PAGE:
Most companies I invest in carry a dividend, some better than others and many of them pay out monthly. For some reason, doing it this convoluted way has greatly reduced my resentment towards work. For every month I work now, I am giving myself an $XXX/year raise and it's not on a spreadsheet, it's real. It just feels kind of neat to see an immediate result for the effort rather than going into growing some nebulous big number with a bunch of zeros that doesn't feel quite real. I can't get my head around the fact that I have saved so much but feel safe that I have dividends coming in that cover my expenses. I was having a bit of anxiety (which was causing me to over-save "just in case") at the thought of not working and not having money come in regularly and structuring things this way alleviated that.
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Old 02-01-2014, 08:09 PM   #27
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I am now one of the people who are working a part-time $10.00 per hour job and that is after working there for over 3 years. I made a goal of finishing the job of getting my social security credits. I have 7 more to go, so will finish the middle of 2015, if I live that long. The amount that I will receive from SSA will be teeny, tiny due to WEP. My family laughs at me for working and can't understand why I am doing this, but a goal is a goal. Assuming I make this goal, my next goals are going to be travel related!

That's exactly what I did in 2006. I needed 7 SS credits to get to the 40 needed to receive any benefits. It took me less than 2 years but I really like my job (school crossing guard) so I just kept on doing it. We don't need the money for living expenses so every year I put it in a Roth IRA. At 62 my SS will be $535 but if we don't need it I will wait until FRA of 66 and 2 months when it will be $743. It's not a lot of money but I feel very good that I EARNED IT.
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Married, both 62. DH retired June, 2010. I have a pleasant little part time job.
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Old 02-01-2014, 09:21 PM   #28
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Originally Posted by Dreamer View Post
This is exactly how I felt, even before I retired. It is amazing to think that you can receive a check every month and not work for it. I had been working since age 15 and if you did not work, you did not get paid. I retired from my career job in 06/06. My DH retired in 2010 and received severance pay for 18 mos and his pension doing that time. He also received a prior year bonus that the company decided to pay. Boy was it nice receiving his pay check and the pension check for 18 months. I probably would never have felt comfortable retiring on just our portfolio alone, and my hat is off to the many here who have done so. I am now one of the people who are working a part-time $10.00 per hour job and that is after working there for over 3 years. I made a goal of finishing the job of getting my social security credits. I have 7 more to go, so will finish the middle of 2015, if I live that long. The amount that I will receive from SSA will be teeny, tiny due to WEP. My family laughs at me for working and can't understand why I am doing this, but a goal is a goal. Assuming I make this goal, my next goals are going to be travel related!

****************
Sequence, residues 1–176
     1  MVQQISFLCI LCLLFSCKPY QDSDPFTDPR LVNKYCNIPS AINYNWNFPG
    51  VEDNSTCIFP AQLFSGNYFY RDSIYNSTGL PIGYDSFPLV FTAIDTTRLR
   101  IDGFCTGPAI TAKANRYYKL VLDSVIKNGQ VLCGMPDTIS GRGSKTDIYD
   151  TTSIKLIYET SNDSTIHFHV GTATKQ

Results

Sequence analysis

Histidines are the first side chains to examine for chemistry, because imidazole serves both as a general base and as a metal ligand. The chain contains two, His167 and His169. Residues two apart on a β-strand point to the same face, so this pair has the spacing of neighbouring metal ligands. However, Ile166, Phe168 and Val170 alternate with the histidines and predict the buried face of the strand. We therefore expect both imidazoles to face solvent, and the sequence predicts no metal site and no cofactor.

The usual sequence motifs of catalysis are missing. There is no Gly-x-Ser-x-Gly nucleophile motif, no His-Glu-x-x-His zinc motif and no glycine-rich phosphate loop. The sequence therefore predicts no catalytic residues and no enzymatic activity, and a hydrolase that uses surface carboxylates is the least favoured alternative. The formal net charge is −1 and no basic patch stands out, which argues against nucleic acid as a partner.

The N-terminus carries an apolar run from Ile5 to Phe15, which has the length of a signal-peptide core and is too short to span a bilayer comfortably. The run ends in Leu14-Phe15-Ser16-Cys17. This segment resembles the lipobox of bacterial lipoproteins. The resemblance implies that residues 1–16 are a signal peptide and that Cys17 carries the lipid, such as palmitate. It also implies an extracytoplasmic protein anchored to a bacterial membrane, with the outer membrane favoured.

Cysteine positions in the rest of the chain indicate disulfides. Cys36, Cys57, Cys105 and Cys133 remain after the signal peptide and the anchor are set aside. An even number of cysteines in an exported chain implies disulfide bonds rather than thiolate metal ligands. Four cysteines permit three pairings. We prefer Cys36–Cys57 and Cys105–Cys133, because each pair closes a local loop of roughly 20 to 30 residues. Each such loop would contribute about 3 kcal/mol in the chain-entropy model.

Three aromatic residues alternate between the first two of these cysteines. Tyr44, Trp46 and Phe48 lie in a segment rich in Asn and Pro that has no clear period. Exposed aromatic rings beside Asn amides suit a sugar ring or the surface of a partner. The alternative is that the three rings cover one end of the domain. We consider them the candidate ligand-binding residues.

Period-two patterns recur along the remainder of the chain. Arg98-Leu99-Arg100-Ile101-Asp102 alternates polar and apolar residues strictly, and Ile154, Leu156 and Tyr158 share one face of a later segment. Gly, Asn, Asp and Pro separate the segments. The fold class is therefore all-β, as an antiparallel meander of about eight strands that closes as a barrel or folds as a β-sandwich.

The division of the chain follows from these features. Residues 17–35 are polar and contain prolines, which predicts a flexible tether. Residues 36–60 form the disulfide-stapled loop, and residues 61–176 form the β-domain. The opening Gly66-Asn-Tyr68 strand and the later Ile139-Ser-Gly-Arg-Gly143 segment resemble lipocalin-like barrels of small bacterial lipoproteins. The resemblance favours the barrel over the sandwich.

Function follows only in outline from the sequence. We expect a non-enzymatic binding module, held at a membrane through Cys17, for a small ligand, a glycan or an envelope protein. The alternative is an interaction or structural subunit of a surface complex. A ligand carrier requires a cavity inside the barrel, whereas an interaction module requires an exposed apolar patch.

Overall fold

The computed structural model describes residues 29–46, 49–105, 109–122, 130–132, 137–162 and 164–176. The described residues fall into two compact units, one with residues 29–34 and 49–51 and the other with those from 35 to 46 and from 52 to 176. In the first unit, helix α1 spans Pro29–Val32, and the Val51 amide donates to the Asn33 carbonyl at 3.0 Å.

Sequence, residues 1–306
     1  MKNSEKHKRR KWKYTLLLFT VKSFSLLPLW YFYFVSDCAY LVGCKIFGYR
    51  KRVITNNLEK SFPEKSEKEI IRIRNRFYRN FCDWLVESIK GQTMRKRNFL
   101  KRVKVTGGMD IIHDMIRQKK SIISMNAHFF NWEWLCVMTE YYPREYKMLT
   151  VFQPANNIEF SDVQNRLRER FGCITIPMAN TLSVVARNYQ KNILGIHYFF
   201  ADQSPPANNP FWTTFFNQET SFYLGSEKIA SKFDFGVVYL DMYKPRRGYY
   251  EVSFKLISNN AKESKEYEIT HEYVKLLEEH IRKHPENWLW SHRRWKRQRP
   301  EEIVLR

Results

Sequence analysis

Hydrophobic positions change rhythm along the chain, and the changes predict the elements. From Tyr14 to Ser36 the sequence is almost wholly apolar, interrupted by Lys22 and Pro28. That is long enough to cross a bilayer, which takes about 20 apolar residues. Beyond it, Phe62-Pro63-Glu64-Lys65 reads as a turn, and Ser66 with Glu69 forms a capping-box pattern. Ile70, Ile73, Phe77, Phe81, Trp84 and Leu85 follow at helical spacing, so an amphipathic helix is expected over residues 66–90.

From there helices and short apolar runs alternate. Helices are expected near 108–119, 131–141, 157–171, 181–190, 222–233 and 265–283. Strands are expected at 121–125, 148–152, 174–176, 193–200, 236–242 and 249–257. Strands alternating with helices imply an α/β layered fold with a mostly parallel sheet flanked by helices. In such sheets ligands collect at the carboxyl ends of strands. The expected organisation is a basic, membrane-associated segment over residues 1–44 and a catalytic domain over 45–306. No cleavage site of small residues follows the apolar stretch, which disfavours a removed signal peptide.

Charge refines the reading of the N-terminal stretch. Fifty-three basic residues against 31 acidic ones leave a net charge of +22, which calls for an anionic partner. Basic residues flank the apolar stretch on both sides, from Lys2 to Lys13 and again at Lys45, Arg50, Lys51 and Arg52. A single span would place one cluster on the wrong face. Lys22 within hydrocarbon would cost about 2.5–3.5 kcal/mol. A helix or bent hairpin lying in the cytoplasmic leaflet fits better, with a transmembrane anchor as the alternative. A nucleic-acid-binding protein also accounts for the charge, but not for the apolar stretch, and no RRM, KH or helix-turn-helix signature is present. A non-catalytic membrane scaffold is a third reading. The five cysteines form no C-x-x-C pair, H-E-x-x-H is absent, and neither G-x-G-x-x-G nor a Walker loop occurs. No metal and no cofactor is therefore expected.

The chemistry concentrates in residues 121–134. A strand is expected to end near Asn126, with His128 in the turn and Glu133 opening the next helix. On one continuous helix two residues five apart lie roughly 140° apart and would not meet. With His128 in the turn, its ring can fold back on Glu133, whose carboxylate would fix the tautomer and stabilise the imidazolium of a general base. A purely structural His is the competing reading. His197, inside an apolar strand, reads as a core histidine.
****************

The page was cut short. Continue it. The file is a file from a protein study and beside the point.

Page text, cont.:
I'm just the opposite Dreamer. I won't work a part time job because of the WEP. SS takes over 6%, Medicare for which I am already vested is almost 1.5 %. Throw in my 25% fed (28% if I made more than 10k) and 6% state plus gas, I'm lucky to get 50 cents on the dollar in a PT job, so I decided I will not do it. Once I ran my earnings through SS calculator and saw that my projected nearly $500 a month SS check was reduced to a little over a $100, I determined I would have to work 20 more years of SS work to make it worth my time to draw anything so I decided I will pass.
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Old 02-01-2014, 10:58 PM   #29
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I've received four pension checks and still can't quite get used to being paid for not working.......It is great!
Yes! Just got my first one and it's unbelievable. Although I know it happened, I'll really,REALLY believe it when it happens again next month.
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First retirement check
Old 02-01-2014, 11:12 PM   #30
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First retirement check

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I'll let you know in about 2 weeks. Retired Jan 1st, but first check takes 6 weeks to get it. They then are regular at the end of the month.
Akck,

Be sure to check back with us and tell us how it feels. Btw, what kind of job are you retiring from, gov't, megacorp, personal business, etc.? I ER'd the beginning of this year too.
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Old 02-01-2014, 11:41 PM   #31